Longer Strides, Faster Steps Key to Sprinting

What are Longer Stances?

Longer Stance: When you run with your legs apart, they move further apart than when you run with them together. Your knees stay close to each other and your feet remain parallel to the ground. You have longer strides because your body weight is distributed over a larger area of land surface. The result is that you cover greater distances while still maintaining a high level of efficiency in terms of energy expenditure.

Why Run Longer Stages?

The reason why runners choose to run longer stages is due to two main reasons. First, it allows the body time to recover from the exertion of running at a fast pace. Second, it helps prevent injuries such as shin splints and Achilles tendinitis. Running longer stages will improve your performance in races where you need to cover large distances quickly.

How to Run Longer Stages?

There are several ways to run longer stages. Some runners prefer to use a hill climb as their primary method of running stage lengths. Others like to do some form of interval training during their stage runs. There are many different methods and strategies that you can employ when trying to increase your stage times. Here’s a list of tips on how you can run longer stages:

1) Use hills!

Hills provide a tough, uphill struggle that forces you to run slower than your normal pace. This forces your body to build endurance and provides the rest that it needs.

2) Incorporate long runs in your training schedule.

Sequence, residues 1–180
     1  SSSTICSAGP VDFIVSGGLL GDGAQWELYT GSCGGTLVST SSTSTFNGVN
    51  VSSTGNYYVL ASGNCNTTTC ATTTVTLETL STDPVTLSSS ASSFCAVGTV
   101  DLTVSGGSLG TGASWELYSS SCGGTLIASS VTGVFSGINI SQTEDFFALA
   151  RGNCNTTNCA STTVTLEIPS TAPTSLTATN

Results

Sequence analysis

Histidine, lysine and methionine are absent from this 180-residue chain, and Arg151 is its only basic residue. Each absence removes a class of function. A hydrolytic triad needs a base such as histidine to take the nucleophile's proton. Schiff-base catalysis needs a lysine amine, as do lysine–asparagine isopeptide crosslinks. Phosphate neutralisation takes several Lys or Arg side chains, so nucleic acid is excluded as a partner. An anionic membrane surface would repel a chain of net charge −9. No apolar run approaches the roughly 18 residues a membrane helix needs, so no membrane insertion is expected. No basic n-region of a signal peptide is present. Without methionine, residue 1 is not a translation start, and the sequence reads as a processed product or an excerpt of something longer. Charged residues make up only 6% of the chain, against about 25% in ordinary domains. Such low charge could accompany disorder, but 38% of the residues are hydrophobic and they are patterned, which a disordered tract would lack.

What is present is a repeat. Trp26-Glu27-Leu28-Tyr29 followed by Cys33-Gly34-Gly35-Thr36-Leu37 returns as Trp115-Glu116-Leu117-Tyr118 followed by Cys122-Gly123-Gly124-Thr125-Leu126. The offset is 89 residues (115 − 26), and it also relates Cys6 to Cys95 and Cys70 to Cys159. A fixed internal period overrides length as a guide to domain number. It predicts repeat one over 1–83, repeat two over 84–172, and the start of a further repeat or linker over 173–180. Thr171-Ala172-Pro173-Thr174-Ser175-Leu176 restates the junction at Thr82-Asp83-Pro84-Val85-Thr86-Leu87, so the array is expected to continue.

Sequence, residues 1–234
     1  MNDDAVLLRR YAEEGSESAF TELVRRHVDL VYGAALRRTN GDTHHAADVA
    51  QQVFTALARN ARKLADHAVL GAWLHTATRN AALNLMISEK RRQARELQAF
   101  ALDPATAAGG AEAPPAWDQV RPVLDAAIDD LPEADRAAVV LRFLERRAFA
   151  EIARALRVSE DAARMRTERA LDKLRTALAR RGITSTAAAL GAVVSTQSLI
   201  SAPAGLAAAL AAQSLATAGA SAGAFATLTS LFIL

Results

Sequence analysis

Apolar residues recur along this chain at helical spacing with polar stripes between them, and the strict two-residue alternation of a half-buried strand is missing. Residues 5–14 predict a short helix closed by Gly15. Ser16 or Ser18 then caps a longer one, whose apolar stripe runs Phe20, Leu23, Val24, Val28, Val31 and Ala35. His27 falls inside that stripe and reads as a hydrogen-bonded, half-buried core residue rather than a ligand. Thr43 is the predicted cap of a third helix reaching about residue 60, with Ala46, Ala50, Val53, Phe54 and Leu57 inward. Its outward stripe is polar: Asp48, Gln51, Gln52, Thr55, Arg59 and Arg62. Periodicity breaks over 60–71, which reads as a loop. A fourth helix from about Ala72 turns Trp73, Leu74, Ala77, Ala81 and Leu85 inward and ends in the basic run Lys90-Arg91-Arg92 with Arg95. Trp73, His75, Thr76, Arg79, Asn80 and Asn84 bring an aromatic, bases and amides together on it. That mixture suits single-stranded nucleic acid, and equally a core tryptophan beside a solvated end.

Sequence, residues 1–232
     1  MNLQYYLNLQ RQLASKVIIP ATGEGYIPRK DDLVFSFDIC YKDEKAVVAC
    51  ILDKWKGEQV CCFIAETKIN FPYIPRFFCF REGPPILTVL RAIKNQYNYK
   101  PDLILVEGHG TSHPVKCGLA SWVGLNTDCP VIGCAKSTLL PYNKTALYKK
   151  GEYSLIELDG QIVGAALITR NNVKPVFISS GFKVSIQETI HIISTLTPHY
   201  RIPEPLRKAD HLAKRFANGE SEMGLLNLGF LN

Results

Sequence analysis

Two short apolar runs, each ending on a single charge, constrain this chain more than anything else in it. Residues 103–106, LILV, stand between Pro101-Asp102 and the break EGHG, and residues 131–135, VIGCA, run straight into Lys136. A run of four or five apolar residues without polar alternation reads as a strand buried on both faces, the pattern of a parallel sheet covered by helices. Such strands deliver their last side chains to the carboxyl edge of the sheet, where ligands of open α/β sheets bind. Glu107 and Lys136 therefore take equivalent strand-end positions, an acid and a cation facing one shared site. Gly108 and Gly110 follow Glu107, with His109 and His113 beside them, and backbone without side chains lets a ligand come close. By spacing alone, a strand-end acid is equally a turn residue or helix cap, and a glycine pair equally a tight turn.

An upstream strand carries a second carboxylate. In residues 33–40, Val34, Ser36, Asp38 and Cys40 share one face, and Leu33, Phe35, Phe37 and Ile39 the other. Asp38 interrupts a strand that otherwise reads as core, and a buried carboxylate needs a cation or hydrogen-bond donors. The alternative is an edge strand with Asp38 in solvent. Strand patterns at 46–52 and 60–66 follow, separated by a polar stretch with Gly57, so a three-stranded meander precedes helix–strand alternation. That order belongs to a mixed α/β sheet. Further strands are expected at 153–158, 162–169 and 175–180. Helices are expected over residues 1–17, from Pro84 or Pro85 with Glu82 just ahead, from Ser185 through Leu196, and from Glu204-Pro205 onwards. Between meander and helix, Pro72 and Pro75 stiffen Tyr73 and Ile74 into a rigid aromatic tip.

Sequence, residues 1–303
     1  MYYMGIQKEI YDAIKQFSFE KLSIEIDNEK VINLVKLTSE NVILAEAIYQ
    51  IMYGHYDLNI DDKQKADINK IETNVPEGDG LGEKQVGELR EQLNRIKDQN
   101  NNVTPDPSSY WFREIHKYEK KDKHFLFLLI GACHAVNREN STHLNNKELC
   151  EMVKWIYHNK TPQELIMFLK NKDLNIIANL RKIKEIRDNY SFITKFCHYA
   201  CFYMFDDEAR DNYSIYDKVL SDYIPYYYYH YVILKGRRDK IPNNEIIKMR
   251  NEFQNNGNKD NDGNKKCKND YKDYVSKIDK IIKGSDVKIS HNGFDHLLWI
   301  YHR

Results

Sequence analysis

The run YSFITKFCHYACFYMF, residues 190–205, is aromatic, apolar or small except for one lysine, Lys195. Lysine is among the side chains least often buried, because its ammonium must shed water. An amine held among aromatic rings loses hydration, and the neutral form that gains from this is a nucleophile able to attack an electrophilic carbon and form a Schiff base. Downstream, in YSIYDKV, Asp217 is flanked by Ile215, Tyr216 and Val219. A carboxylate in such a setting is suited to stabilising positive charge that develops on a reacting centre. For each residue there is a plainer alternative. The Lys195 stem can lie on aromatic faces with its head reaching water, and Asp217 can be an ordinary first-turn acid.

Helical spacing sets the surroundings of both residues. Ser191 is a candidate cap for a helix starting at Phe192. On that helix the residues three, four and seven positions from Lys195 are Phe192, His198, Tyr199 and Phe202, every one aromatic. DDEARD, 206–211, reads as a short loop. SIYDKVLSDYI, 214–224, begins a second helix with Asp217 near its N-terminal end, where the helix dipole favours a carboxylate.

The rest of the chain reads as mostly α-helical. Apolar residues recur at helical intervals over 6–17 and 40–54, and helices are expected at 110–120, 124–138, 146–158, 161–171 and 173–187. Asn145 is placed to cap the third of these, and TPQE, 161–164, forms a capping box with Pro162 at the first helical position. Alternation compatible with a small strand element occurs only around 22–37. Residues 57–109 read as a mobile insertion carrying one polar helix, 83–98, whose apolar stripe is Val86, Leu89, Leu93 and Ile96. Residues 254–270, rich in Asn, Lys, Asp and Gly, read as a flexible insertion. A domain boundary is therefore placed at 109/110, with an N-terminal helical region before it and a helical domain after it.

Many runners ignore long distance runs. They believe that if they just run fast all the time, their race times will benefit. While this is somewhat true during race day, building endurance through long runs will help your performance as well as your safety during the race itself.

3) Go slow to go fast.

This is a common phrase in running that refers to interval training. There are many different interval training programs, but most of them involve running at least one mile at a fast pace (90% of your maximum heart rate), followed by a quarter mile slow jog. By periodically slowing down, you allow your body to recover and avoid shin splints and other painful running related injuries.

4) Try fartlek training.

Fartlek is a Swedish word that means speed play. This involves running fast for varying distances and times during a training session. This is a good method for coaches who don’t want to follow a strict schedule.

For instance, you could run at 80% of your maximum heart rate for one minute, then jog for 30 seconds, then run at 90% of your maximum heart rate for 30 seconds, followed by a two minute slow jog. You can do fartlek training by yourself or with a group.

Longer Strides, Faster Steps Key to Sprinting - | Gym Fit Workout

5) Vary your running surfaces.

Most runners train on roads because their shoes provide better traction on asphalt and concrete, as opposed to grass or dirt. Training on different types of terrain prevents injury and also improves coordination.

These are just some suggestions on how you can improve your endurance and running times through long stage runs. Running is a complex sport that involves more than just getting in shape for a race. It’s about achieving a balanced lifestyle that incorporates fitness into your everyday routine.

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The science of speed: Determinants of performance in the 100 m sprint by AS Majumdar, RA Robergs – International Journal of Sports …, 2011 – journals.sagepub.com

Spring mass characteristics of the fastest men on Earth by MJD Taylor, R Beneke – International journal of sports medicine, 2012 – researchgate.net

A kinematics analysis of three best 100 m performances ever by M Krzysztof, A Mero – Journal of human kinetics, 2013 – content.sciendo.com

Maximal sprint speed in boys of increasing maturity by RW Meyers, JL Oliver, MG Hughes… – Pediatric …, 2015 – journals.humankinetics.com

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What would be Usain Bolt’s 100-meter sprint world record without Tyson Gay? Unintentional interpersonal synchronization between the two sprinters. by M Varlet, MJ Richardson – Journal of Experimental Psychology …, 2015 – psycnet.apa.org